arled’s comment seemed to be focused on the problems of being overweight and poor, not generalized to all overweight people. People who are poor and overweight will often die young of preventable causes like diabetes and heart disease.

    I’m all for being against fat phobia, but there are a lot of people in poverty who are overweight and yet undernourished who might not be that way if they had access to nutritious food. Are we supposed to block efforts to make that food available to them because we don’t want to be fat phobic?

  17. exholt
    January 25, 2008 at 9:55 pm

    This post is causing a replay of an uncomfortable thanksgiving conversation with an uncle of mine who loved W and the GOP because of the tax cuts he was benefitting from. His sentiments could be deduced from his past recounting of a business visit to two Scandinavian countries which left him with the impression that their social welfare systems were encouraging drunken lazy dependence and destroying their incentive to work hard for their society and themselves. Assuming Megan McArdle’s sentiments are similar to my uncle’s, they can easily be translated to “Don’t you dare spend more of “my” tax money on poor fat riffraff.”

  18. Anatolia
    January 25, 2008 at 10:04 pm

    I read hateful rants like McArdle’s and I try to stay positive and hopeful. There’s always the remote possibility that people like her will spontaneously combust or perhaps be involved in a freak accident involving a cast iron fence and impalement.

  19. Crawford
    January 25, 2008 at 10:27 pm

    The Republicans don’t want the stimulus to include food stamps for the same reason that the Democrats don’t want the stimulus to include making the tax cuts permanent. Both parties have policy items that they’d love to have used the urgency of this situation to ram through the legislative process.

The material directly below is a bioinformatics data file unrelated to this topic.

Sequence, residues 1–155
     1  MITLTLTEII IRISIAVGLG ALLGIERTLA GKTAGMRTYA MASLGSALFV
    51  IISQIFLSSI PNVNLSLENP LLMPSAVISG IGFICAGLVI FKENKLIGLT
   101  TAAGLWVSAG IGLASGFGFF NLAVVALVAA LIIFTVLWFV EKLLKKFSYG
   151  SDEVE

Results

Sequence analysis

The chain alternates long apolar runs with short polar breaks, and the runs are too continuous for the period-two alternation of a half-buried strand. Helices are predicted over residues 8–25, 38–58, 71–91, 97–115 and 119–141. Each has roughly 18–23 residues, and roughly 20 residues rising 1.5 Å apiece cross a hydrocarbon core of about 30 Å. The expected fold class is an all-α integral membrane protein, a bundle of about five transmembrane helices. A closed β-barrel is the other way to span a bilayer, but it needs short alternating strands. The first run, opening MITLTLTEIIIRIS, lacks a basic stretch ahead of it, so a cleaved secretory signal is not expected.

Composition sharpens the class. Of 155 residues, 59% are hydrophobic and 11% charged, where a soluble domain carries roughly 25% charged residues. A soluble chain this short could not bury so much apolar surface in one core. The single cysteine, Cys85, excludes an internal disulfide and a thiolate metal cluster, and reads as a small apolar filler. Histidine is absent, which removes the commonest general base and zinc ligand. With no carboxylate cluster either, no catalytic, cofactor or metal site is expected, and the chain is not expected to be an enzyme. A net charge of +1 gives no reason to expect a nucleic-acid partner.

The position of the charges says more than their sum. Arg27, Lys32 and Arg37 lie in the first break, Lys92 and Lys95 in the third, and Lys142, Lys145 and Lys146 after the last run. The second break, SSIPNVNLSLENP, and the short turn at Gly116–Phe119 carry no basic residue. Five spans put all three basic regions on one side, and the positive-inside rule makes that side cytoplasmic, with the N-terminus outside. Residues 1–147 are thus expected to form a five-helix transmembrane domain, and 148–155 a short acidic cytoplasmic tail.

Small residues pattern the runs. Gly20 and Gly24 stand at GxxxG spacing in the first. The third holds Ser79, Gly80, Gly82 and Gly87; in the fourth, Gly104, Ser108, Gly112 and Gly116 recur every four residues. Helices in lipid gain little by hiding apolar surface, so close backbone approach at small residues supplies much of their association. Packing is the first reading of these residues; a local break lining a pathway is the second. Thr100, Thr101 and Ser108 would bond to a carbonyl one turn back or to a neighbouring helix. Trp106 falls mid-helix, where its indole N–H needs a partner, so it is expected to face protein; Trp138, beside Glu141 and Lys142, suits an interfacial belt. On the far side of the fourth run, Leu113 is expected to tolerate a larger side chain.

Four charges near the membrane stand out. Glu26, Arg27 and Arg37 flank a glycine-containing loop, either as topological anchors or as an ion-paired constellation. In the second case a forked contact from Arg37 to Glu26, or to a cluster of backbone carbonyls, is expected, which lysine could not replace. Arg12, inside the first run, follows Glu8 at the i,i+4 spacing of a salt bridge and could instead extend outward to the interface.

A cash rebate is a one-time thing, and an expansion of the food stamp program is not. That is why the Republicans preferred to structure it this way. The Republicans retreated very quickly from the position that rebates should be for people who paid federal income taxes. The Democrats unquestionably extracted more concessions on this, and that is a real statement of how weak the White House is right now.

  20. Amerith
    January 25, 2008 at 10:32 pm

    I grew up on food stamps. Of course people on food stamps are fat. I was. They don’t get enough stamps to buy healthy food. $3 a day gets you fake food stuffed with fat, sugar, salt, and calories with no nutrition, but you use your food stamps for that anyway because it’s all your kids have to eat. If the economic stimulus package contained food stamps benefits they could buy healthier food or use the cash they usually use for food when the food stamps don’t go far enough to pay bills or buy clothes for there kids.

  21. kali
    January 25, 2008 at 10:39 pm

    I couldn’t get over how catastrophically stupid you’d have to be to write her point 1, so I went over to the link. Even her commenters picked up on it right away and she is defending herself in the comments… and says this.
    whatever causation there is in the link between income and obesity almost certainly runs the other way
    It’s Friday night, and also I think my brain might have melted at some point while reading her post, so I’m not sure I’ve got her meaning correct here: but I really think she is seriously saying that fat people are poor because they’re fat, not vice versa. My head hurts now, because I find myself wanting to simultaneously argue with this ridiculous proposition, question whether she could actually have really meant this, wonder what her proposed mechanism for fatness causing mass poverty is (like, is it supposed to be a signal to employers that you’re lazy and have no self discipline?)… and, gah.
    Derren Brown talks about how if you’re being threatened or in danger a good strategy is to say something totally surreal, because it will throw the person threatening you off balance mentally, and give you a chance to take control. I think it would probably work for criminals as well as victims. You could have burgled my house while I was reading that trainwreck. You could have driven a truck right up to the door and got a bunch of guys in black balaclavas to start carrying away my furniture and I would still have been frozen in disbelief, staring slack jawed at the screen with that blog on it. It’s a weird talent, to be able to have that effect on a person. Maybe that’s how she gets people to take her seriously– being so blithely and two dimensionally stupid that your brain rejects what it’s seeing and starts an argument with itself, and then people mistake this mental mugging for being intellectually stimulated.